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North West - Striking Lonmin mineworkers flocked to an open space in Marikana on Tuesday morning for another day of protest in demand of a wage increase.
They streamed from all directions to an open space near the Wonderkop hill where police fired on protesters on August 16, killing 34 of them and wounding 78.
They brought umbrellas with them to shield them from the scorching Rustenburg sun.
Media crews, many of them international, have set up camp there and were watching the crowd.
There were also armed police in the area, with four police Nyalas parked at the entrance to a shaft at the nearby Karee mine.
On Monday, protesters wielding knobkerries, pangas and spears marched from mine shaft to mine shaft calling for the closure of all operations.
They also tried to rope in non-striking workers from the mine shafts and the mine hostels.
They then went to an open space near the hostels, from where Lonmin buses later took them to a hill where the humanitarian organisation Gift of the Givers was handing out aid.
The Commission for Conciliation, Mediation and Arbitration (CCMA) was on standby on Tuesday to reopen wage negotiations, should the striking workers return to the negotiating table.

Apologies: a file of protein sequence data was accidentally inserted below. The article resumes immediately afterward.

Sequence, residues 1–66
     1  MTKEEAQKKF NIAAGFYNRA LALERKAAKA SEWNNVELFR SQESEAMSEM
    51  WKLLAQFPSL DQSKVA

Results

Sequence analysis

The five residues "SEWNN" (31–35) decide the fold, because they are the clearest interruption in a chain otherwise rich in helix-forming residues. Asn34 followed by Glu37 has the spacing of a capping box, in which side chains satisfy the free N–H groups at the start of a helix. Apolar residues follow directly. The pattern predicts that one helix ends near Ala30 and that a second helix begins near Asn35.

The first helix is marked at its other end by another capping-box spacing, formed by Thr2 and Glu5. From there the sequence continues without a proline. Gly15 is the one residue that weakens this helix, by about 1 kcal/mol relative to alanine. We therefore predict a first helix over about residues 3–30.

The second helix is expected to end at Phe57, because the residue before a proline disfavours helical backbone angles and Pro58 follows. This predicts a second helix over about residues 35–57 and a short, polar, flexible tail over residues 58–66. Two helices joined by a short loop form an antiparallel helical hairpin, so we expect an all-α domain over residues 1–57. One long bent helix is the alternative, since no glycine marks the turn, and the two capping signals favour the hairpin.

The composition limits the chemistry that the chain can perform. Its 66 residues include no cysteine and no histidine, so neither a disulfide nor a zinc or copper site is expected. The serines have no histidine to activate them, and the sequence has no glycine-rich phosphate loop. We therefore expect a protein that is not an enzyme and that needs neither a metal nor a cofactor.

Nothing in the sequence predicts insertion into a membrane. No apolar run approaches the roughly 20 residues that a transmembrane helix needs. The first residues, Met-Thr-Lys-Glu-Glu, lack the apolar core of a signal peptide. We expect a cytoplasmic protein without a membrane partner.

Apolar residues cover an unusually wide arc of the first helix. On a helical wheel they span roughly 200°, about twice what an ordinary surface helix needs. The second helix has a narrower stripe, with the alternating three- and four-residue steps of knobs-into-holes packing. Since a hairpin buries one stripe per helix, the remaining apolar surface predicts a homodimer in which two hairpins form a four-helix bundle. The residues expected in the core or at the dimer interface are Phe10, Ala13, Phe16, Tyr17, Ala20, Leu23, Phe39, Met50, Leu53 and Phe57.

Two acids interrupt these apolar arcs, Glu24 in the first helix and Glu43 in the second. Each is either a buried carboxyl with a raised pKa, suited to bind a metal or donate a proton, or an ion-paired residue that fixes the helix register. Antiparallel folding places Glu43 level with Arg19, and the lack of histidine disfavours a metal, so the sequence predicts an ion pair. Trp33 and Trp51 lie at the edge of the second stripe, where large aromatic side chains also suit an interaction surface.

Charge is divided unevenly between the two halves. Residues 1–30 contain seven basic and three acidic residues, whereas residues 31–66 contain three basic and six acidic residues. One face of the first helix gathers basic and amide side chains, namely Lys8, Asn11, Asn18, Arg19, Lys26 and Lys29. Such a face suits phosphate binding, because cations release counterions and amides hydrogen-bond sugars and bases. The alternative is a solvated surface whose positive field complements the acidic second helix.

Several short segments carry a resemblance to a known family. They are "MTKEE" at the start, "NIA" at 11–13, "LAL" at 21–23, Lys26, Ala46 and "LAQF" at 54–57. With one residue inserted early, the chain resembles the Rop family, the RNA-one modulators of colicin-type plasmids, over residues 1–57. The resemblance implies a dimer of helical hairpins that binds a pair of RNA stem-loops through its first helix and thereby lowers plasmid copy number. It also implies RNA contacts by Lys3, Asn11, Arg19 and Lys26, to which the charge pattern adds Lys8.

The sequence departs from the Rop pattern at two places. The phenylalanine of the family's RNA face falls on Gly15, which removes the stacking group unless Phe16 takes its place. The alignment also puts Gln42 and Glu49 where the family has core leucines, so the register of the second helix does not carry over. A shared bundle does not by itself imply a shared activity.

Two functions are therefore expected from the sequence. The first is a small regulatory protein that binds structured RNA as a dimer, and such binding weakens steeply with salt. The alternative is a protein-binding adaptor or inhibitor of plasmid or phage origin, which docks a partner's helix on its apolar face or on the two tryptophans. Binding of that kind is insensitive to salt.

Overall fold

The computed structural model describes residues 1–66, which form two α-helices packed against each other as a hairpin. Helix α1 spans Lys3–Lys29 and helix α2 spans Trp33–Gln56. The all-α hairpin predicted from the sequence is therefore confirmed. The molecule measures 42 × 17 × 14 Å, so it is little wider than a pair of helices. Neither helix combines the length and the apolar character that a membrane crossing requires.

“The CCMA is on standby to commence negotiations should miners comply with the peace accord brokered last week,” said CCMA spokesman Nersan Govender.
In terms of that accord, workers must go back to work for pay talks to resume.
Attendance figures on Tuesday morning were at three percent, said Lonmin spokeswoman Sue Vey.
Police and mine security had received no reports of trouble or violence at the mine overnight, she said.
The talks are aimed at ending a month-long strike at the mine, which employs around 28,000 people and is one of the world's largest platinum producers.
Production has, in effect, been halted since August 10.
The talks were scheduled to start at noon on Monday.
Representatives of the National Union of Mineworkers, UASA, Solidarity and the Association of Mineworkers and Construction Union were present, as were representatives of the company. The workers' representatives were not there.
They and the CCMA waited for representatives of a splinter group of about 3000 people to arrive, but they sent a clergymen to say they would not be coming and would return to work only if their salaries were increased to R12,500.
Work attendance was only 6.34 percent on Monday. The striking workers marched outside. - Sapa